Endothelial cells (ECs) constitute the innermost layer that lines all blood vessels from the larger arteries and veins to the smallest capillaries, including the lymphatic vessels. Despite the histological classification of endothelium of a simple epithelium and its homogeneous morphological appearance throughout the vascular system, ECs, instead, are extremely heterogeneous both structurally and functionally. The different arrangement of cell junctions between ECs and the local organization of the basal membrane generate different type of endothelium with different permeability features and functions. Continuous, fenestrated and discontinuous endothelia are distributed based on the specific function carried out by the organs. It is thought that a large number ECs functions and their responses to extracellular cues depend on changes in intracellular concentrations of calcium ion ([Ca2+]i). The extremely complex calcium machinery includes plasma membrane bound channels as well as intracellular receptors distributed in distinct cytosolic compartments that act jointly to maintain a physiological [Ca2+]i, which is crucial for triggering many cellular mechanisms. Here, we first survey the overall notions related to intracellular Ca2+ mobilization and later highlight the involvement of this second messenger in crucial ECs functions with the aim at stimulating further investigation that link Ca2+ mobilization to ECs in health and disease.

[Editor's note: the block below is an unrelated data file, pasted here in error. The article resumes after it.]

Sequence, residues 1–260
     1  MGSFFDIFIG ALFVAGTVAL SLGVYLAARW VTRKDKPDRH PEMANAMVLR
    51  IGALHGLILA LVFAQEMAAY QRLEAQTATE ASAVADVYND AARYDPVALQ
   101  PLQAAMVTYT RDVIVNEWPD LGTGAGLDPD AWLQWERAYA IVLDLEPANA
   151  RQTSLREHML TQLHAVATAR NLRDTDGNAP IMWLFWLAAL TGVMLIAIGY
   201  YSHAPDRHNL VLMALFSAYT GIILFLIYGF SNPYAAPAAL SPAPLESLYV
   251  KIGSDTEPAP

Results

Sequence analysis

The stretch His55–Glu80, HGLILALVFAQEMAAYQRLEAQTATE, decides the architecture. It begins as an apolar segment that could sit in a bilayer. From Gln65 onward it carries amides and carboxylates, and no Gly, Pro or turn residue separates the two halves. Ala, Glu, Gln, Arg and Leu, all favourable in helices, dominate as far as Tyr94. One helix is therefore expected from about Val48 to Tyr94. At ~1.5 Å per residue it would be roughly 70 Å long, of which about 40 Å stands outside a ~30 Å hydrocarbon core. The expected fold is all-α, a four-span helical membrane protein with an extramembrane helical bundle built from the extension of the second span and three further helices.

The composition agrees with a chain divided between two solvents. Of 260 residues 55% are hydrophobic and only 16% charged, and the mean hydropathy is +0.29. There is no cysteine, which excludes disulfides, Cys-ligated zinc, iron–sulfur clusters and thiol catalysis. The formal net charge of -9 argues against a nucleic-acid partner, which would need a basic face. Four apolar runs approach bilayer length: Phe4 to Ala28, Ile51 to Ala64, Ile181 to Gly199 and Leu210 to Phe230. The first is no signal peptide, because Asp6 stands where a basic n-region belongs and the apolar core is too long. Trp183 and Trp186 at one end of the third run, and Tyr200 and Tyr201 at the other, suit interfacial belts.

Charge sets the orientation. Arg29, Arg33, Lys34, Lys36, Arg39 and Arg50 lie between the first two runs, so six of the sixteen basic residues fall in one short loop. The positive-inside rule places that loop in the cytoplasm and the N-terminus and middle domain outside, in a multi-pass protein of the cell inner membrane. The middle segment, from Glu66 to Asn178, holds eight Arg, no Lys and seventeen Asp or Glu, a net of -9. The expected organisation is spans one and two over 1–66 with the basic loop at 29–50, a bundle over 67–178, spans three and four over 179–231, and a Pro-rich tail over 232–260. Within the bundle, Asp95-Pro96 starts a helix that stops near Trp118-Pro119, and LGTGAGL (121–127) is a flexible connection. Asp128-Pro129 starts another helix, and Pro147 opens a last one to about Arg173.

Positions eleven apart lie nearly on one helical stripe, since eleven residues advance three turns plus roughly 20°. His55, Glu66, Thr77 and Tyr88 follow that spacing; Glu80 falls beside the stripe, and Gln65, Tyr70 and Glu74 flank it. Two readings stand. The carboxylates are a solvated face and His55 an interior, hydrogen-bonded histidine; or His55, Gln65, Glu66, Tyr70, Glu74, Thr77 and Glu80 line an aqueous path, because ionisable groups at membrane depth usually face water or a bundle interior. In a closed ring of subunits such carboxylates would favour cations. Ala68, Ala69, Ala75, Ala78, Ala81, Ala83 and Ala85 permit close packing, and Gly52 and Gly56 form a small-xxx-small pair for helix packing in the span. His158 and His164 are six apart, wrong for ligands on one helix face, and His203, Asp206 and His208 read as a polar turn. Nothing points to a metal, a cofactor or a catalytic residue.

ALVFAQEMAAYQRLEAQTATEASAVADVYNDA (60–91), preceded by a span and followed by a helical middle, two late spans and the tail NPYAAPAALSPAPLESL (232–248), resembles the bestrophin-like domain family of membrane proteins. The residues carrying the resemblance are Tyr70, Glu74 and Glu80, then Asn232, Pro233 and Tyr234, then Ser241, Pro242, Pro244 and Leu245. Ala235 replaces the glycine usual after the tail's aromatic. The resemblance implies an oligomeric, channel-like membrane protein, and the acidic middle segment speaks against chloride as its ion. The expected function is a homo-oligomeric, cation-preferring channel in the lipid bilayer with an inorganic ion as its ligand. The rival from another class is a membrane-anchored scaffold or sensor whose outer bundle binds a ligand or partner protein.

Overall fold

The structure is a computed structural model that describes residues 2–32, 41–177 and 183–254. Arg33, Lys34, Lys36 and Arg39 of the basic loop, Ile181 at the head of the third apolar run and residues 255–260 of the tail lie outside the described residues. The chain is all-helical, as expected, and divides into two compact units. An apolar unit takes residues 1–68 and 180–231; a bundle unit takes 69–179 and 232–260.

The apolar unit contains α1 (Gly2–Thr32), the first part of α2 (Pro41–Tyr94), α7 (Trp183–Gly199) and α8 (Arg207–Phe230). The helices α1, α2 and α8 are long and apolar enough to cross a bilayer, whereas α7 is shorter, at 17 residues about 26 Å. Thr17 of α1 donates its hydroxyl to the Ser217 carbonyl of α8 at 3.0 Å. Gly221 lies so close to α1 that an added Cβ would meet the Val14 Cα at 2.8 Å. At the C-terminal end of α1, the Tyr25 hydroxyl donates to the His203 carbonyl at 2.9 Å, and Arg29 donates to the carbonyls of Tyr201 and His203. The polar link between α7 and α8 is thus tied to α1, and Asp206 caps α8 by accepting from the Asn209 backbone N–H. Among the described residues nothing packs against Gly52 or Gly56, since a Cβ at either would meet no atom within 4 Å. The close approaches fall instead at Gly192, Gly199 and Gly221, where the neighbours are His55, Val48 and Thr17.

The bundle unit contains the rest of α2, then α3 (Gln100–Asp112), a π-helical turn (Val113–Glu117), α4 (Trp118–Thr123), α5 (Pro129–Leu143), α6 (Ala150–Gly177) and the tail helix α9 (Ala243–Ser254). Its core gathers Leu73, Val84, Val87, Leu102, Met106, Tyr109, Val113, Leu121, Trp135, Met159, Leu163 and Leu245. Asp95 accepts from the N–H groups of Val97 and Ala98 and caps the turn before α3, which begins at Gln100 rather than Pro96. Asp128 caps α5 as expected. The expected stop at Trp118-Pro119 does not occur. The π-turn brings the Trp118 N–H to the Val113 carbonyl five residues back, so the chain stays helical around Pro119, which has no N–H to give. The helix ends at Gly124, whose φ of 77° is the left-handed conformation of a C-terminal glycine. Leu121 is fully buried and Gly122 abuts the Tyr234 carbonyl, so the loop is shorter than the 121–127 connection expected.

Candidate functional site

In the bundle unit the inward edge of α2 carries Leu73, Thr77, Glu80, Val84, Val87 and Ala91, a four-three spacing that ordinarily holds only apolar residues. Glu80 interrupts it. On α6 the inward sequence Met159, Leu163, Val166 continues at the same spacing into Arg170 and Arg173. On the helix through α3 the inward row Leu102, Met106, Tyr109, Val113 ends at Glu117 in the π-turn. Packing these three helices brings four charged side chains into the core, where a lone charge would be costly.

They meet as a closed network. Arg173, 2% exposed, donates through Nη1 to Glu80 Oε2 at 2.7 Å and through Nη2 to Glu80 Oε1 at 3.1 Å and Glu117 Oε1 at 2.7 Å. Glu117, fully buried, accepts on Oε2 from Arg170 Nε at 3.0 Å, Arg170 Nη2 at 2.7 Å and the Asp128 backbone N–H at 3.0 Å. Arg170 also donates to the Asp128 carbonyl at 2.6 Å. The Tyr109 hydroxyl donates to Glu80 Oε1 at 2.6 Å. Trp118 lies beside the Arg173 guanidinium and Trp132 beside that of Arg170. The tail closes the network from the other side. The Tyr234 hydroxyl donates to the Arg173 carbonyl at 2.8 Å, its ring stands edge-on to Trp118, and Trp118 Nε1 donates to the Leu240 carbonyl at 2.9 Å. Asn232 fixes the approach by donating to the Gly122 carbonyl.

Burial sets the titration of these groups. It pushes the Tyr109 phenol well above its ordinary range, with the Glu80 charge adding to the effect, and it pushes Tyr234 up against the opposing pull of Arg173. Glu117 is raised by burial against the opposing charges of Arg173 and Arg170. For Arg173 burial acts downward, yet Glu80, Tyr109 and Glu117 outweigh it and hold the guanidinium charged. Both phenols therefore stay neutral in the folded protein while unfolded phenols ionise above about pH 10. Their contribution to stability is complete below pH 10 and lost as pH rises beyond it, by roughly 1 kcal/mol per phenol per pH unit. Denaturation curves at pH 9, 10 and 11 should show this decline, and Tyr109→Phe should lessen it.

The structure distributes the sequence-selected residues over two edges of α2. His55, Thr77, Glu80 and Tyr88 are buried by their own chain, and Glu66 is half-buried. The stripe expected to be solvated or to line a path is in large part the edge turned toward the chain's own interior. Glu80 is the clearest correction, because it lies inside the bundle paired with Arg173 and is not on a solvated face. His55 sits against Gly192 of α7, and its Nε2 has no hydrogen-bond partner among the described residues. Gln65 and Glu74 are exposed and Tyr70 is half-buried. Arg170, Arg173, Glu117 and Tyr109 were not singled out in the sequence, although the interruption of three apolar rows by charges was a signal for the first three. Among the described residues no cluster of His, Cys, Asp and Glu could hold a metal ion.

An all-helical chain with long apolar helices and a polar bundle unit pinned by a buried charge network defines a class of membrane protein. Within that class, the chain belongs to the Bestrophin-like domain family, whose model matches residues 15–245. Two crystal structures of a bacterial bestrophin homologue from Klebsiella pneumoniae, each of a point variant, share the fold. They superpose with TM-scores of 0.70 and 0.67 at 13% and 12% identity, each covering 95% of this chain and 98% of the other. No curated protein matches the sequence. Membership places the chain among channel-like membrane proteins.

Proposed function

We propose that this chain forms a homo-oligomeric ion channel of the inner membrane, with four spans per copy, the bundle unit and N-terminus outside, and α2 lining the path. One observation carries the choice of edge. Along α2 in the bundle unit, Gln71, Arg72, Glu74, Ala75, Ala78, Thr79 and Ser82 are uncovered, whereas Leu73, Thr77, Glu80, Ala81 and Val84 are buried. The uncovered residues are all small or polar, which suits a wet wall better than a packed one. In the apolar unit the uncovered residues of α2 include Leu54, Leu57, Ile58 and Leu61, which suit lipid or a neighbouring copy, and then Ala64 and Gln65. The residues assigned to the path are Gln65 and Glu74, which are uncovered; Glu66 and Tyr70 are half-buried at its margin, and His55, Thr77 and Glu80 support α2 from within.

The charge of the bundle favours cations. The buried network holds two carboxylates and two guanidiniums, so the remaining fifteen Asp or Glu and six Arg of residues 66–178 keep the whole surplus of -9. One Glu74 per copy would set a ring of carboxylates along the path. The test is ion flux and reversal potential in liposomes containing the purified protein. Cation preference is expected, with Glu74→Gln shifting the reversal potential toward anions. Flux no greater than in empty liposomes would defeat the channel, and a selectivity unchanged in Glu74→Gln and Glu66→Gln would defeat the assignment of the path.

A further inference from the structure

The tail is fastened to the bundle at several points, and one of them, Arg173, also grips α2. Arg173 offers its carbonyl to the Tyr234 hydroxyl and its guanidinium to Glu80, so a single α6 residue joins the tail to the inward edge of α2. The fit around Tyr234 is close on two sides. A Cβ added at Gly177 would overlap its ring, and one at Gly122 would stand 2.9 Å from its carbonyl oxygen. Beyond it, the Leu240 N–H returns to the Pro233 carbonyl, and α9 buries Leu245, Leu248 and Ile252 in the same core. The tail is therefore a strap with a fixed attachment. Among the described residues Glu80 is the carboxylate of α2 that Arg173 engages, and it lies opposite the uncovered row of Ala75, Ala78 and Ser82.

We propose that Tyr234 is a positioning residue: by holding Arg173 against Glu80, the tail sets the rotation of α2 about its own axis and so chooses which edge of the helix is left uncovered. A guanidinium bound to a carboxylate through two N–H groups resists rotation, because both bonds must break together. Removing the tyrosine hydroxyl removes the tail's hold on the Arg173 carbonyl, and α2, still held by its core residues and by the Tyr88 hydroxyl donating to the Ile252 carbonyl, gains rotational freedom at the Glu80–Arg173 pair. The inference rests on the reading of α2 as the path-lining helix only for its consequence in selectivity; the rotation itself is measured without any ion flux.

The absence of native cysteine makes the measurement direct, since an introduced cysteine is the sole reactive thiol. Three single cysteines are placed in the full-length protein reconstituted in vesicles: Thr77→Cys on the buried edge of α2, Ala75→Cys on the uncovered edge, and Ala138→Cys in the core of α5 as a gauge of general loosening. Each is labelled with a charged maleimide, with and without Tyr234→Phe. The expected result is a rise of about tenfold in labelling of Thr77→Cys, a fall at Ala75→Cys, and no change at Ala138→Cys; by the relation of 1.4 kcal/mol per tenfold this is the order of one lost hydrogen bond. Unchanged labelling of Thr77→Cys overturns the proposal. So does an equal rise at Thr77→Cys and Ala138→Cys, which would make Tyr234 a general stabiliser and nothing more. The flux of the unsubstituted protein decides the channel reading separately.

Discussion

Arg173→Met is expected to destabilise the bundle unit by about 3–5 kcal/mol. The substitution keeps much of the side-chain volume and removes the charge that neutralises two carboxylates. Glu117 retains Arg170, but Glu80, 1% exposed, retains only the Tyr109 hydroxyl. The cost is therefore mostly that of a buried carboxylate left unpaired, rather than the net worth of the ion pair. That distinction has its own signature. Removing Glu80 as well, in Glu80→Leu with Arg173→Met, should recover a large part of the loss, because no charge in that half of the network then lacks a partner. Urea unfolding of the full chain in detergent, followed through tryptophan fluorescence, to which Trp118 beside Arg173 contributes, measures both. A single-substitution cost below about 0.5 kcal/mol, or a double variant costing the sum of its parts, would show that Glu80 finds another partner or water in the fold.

- Endothelial cells